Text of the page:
Washington, D.C. — Smoking among students reached the lowest levels since researchers began tracking such data in 1980, according to a new report produced with key assistance from experts at the American Institutes for Research (AIR).
That finding is one of several in America’s Children in Brief: Key National Indicators of Well-Being, 2016, an annual report on children up to 17 years old released by the Federal Interagency Forum on Child and Family Statistics.
In 2015, the report documents, 1 percent of 8th-grade students, 3 percent of 10th-grade students and 6 percent of 12th-grade students reported smoking cigarettes daily in the past 30 days—down from 9 percent, 16 percent and 22 percent, respectively, in 1995.
Additionally, from 1999-2000 to 2011-2012, the percentage of all children 4-11 years old exposed to secondhand smoke declined by 24 percentage points. Exposure to secondhand smoke declined significantly for each racial and ethnic group: 25 percentage points among white, non-Hispanic; 18 percentage points among black, non-Hispanic; and 19 percentage points among Mexican-American children.
The report groups the most current major federal statistics on children, youth and families into seven areas: family and social environment, economic circumstances, health care, physical environment and safety, behavior, education and health. To deepen perspective across domains, this year’s report highlights selected indicators by race and ethnicity. Timely statistics and topics on children’s lives are presented in a nontechnical, easy-to-understand format.
Other key findings include:
- In 2015, 21 percent of white, non-Hispanic 12th-grade students and 19 percent of Hispanic 12th-grade students reported binge drinking, double the rate of black, non-Hispanic 12th-grade students (10 percent).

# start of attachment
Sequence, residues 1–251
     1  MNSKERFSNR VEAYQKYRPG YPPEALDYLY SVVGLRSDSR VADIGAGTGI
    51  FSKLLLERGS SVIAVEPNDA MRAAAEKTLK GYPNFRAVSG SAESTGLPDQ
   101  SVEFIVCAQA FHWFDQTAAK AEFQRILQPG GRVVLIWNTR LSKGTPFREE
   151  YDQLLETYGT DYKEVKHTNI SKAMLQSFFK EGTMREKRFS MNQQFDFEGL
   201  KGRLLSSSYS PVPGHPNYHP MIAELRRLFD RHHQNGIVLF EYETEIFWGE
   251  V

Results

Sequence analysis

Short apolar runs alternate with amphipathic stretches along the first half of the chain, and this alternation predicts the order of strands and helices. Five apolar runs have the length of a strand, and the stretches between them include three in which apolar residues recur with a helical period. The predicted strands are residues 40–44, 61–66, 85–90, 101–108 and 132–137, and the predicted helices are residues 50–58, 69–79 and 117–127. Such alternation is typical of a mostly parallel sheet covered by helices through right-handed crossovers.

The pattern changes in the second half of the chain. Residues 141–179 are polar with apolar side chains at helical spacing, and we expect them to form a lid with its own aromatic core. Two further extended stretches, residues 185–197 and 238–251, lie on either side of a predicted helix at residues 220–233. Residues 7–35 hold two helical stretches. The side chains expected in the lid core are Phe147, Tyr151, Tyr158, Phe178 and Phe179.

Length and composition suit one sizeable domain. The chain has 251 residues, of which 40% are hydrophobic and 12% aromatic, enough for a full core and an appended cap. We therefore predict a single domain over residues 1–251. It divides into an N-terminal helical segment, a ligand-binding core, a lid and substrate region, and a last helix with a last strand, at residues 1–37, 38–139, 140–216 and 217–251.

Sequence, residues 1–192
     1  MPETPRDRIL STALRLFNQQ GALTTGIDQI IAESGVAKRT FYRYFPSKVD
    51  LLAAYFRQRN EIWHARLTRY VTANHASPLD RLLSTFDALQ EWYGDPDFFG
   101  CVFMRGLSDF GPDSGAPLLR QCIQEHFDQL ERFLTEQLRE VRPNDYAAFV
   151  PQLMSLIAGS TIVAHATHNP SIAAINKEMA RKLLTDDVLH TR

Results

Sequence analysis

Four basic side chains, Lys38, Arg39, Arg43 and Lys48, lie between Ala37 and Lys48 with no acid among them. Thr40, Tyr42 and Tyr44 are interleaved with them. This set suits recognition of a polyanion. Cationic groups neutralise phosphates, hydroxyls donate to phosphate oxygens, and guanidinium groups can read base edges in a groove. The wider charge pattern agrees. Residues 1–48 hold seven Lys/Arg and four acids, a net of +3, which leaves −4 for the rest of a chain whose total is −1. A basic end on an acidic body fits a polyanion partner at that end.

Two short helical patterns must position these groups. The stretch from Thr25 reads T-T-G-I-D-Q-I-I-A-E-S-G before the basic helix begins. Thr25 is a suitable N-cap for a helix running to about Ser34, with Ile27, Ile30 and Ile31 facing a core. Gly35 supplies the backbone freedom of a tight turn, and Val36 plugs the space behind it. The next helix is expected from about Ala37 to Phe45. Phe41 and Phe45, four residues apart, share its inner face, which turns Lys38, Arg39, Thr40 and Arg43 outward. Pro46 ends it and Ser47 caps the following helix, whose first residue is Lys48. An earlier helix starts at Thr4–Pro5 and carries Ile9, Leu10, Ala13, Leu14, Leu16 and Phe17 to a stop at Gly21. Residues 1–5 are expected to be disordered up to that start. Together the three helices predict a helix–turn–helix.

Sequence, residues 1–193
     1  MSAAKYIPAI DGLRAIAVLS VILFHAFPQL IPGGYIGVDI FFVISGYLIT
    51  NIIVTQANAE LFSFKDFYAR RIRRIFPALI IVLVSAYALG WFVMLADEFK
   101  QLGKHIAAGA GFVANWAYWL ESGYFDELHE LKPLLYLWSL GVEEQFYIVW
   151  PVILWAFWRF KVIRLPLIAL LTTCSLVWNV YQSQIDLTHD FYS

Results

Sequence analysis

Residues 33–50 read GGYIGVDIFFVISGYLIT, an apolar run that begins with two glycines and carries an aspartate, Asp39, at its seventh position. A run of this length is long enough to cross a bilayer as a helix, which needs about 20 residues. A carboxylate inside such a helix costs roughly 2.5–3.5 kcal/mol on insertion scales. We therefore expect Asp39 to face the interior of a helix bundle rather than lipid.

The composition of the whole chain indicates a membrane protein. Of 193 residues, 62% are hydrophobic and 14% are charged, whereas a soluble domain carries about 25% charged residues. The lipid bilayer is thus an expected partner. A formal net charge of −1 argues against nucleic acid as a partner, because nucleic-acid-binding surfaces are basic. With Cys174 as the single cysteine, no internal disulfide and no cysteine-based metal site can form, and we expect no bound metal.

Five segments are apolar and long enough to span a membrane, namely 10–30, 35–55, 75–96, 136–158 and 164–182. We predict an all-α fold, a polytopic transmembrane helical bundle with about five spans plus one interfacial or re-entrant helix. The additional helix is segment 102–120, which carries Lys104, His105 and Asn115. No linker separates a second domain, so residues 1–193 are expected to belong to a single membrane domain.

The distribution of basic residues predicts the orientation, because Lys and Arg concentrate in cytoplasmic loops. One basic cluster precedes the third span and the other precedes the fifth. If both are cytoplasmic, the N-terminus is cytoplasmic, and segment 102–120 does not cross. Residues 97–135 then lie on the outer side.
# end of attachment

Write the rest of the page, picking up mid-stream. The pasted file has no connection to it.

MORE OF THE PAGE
- In 2014, Hispanic children were more likely to be uninsured (10 percent) than white, non-Hispanic and black, non-Hispanic children (4 percent each). White, non-Hispanic children were more likely to have private insurance (68 percent) compared with Hispanic (31 percent) and black, non-Hispanic (34 percent) children.
- For all youth ages 12-17, the rate of serious violent victimization—including aggravated assault, rape, robbery and homicide—declined sharply from the early 1990s to the early 2000s. Declines since have been slower. In 1993, youth ages 12-17 experienced 40 serious violent crimes per 1,000 youth, compared with 18 crimes per 1,000 youth in 2000 and 8 crimes per 1,000 youth in 2014.
- In 2015, 52 percent of U.S. children ages 0-17 were white, non-Hispanic; 25 percent were Hispanic; 14 percent were black, non-Hispanic; 5 percent were Asian, non-Hispanic; and 4 percent were non-Hispanic children of two or more races.
- The percentage of Hispanic children has grown substantially—from 9 percent of the child population in 1980 to 25 percent in 2015. By 2020, fewer than half of all children are projected to be white, non-Hispanic.
- In 2014, 12 percent of white, non-Hispanic children lived in poverty compared with 37 percent of black, non-Hispanic children and 32 percent of Hispanic children.
- For all children in 2014, the supplemental poverty measure rate (which incorporates such additional items as tax payments, work expenses, and out-of-pocket medical expenditures) was 17 percent, 4 percentage points lower than the official poverty rate.
AIR staff worked on quality control reviews, data management, data checks and other dimensions of the report. Experts included Susan Armstrong, Melissa Diliberti, Kathryn Low, Katie Mallory and Ashley Roberts.
To see the full report, visit childstats.gov.
Established in 1946, with headquarters in Washington, D.C., the American Institutes for Research (AIR) is a nonpartisan, not-for-profit organization that conducts behavioral and social science research and delivers technical assistance both domestically and internationally in the areas of health, education, and workforce productivity. For more information, visit www.air.org.